Source: TheHindu, Â Rediff
Incentivising cashless transaction Â
The Union Cabinet chaired by the Prime Minister Shri Narendra Modi has given its approval for introduction of steps for promotion of payments through cards and digital means. The move aims at reducing cash transactions.
Several short term (to be implemented within one year) and medium term measures (to be implemented within two years) have been approved for implementation by the Government Ministries/ Departments/ Organisations.
1) Steps for withdrawal of surcharge/service charge/ convenience fee on card/ digital payments currently imposed by various Government Departments/organisations and introduction of appropriate acceptance infrastructure in Government Departments/ organisations.
2) Rationalization of Merchant Discount Rate (MDR) on card transactions and a differentiated MDR framework for some key transaction segments
3) Mandating payments beyond a prescribed threshold only in card/ digital mode
4) Introduction of formulae linked acceptance infrastructure by the stakeholders of certain card products
5) Rationalisation of telecom service charges for digital financial transactions
6) Promotion of mobile banking
7) Creation of necessary assurance mechanisms for quick resolution of fraudulent transactions and review the payments ecosystem in the country.
What is the benefit of cashless transactions? – Promotion of payments through cards and digital means will be instrumental in reducing tax avoidance, migration of Government payments and collections to cashless mode, discourage transactions in cash by providing access to financial payment services to the citizens to conduct transactions through card/ digital means and shifting payment ecosystem from cash dominated to non-cash/less cash payments.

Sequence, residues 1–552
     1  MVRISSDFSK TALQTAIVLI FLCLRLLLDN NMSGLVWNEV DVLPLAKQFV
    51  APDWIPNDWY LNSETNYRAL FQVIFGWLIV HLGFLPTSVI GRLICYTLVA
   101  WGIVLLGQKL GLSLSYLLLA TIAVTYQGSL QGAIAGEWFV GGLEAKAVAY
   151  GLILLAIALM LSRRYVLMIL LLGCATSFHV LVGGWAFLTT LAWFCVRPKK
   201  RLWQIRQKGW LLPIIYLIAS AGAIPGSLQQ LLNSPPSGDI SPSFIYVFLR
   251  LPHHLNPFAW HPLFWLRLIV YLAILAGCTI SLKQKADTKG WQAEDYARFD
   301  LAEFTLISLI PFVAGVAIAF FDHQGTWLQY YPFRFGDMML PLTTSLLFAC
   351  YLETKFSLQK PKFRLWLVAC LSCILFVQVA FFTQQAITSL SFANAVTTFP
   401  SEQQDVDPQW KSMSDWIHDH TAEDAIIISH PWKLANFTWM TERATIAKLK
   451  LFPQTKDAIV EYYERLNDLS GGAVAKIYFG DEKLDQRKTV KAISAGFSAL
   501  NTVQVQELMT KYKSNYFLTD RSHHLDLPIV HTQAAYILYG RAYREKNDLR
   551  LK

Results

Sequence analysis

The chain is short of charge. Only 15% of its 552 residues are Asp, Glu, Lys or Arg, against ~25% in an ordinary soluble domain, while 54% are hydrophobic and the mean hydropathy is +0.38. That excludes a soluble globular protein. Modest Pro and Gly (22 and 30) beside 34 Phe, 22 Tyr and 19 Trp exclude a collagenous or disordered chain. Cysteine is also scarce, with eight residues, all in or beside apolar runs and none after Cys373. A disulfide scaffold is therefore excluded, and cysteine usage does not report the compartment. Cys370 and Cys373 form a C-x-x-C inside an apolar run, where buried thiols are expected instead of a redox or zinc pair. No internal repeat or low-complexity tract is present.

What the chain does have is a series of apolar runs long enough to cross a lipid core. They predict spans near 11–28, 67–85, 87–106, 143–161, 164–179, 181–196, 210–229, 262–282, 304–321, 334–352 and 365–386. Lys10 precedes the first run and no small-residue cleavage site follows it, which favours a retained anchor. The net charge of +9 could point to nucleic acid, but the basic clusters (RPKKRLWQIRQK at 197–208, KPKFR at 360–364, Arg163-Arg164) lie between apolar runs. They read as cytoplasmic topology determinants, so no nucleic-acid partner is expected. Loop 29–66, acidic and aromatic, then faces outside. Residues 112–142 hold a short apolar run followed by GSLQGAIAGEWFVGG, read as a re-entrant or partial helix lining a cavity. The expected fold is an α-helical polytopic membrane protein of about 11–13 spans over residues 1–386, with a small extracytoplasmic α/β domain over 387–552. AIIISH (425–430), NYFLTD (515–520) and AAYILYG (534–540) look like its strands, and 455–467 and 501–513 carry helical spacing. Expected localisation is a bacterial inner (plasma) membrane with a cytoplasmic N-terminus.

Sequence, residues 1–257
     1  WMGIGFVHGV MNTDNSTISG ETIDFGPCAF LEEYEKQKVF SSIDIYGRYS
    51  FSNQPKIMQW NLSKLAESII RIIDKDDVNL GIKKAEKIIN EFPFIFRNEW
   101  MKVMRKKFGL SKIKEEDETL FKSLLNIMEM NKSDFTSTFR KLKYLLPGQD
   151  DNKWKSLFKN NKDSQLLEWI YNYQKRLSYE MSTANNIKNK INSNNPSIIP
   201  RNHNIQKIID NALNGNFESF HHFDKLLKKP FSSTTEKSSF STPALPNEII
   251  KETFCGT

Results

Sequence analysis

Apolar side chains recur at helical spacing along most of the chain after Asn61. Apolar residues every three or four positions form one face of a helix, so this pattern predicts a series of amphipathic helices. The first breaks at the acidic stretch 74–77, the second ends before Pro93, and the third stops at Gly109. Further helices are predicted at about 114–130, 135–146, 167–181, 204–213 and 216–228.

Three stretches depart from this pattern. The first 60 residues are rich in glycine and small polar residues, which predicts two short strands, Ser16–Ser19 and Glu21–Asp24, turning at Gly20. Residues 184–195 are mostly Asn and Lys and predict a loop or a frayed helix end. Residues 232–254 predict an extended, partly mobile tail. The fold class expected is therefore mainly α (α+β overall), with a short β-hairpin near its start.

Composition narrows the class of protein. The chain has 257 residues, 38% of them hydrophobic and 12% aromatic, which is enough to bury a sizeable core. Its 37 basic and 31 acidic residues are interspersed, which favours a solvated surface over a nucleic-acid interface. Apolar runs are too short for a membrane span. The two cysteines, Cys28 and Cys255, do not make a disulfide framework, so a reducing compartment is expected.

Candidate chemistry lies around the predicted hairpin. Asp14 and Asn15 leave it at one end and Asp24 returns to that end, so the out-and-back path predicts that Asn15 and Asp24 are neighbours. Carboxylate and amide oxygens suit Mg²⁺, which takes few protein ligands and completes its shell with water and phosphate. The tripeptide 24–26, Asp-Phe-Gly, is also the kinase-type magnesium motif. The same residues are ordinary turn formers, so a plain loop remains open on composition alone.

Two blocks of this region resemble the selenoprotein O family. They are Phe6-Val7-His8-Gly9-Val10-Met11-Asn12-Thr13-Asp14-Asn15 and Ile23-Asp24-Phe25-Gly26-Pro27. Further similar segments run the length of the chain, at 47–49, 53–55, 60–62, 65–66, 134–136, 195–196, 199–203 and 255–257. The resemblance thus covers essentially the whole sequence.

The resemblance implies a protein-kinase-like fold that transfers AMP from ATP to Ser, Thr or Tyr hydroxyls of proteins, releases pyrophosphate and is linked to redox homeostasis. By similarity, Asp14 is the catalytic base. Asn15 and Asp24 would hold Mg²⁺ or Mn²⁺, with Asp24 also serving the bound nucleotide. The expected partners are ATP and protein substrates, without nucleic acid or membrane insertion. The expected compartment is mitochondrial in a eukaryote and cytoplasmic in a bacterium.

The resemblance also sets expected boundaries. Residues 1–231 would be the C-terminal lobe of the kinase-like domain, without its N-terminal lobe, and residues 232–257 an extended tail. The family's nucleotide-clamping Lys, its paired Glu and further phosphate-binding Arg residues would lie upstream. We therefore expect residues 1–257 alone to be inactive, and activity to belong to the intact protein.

What are some of the initiatives of the government? – While the payment system initiatives taken in the form of Electronic Clearing Service Scheme, National Electronic Funds Transfer, Real Time Gross Settlement Scheme etc. have been impressive, the benefits of modern card/ digital payment systems are yet to reach all sections of the society.
The introduction of the Payment and Settlement Systems Act, 2007 has resulted in deeper acceptance and penetration of modern card/ digital payment systems in the country, Aadhaar Enabled Payment Systems (AEPS) has been brought to effect to leverage upon biometric verification and a domestic card network namely, RuPay.
The Reserve Bank of India has also recently approved licences for setting up of Payments Banks with the objective of greater financial inclusion by the Payments Banks by providing small savings accounts and payments/ remittance services to migrant labour workforce, low income households, small businesses, other unorganised sector entities.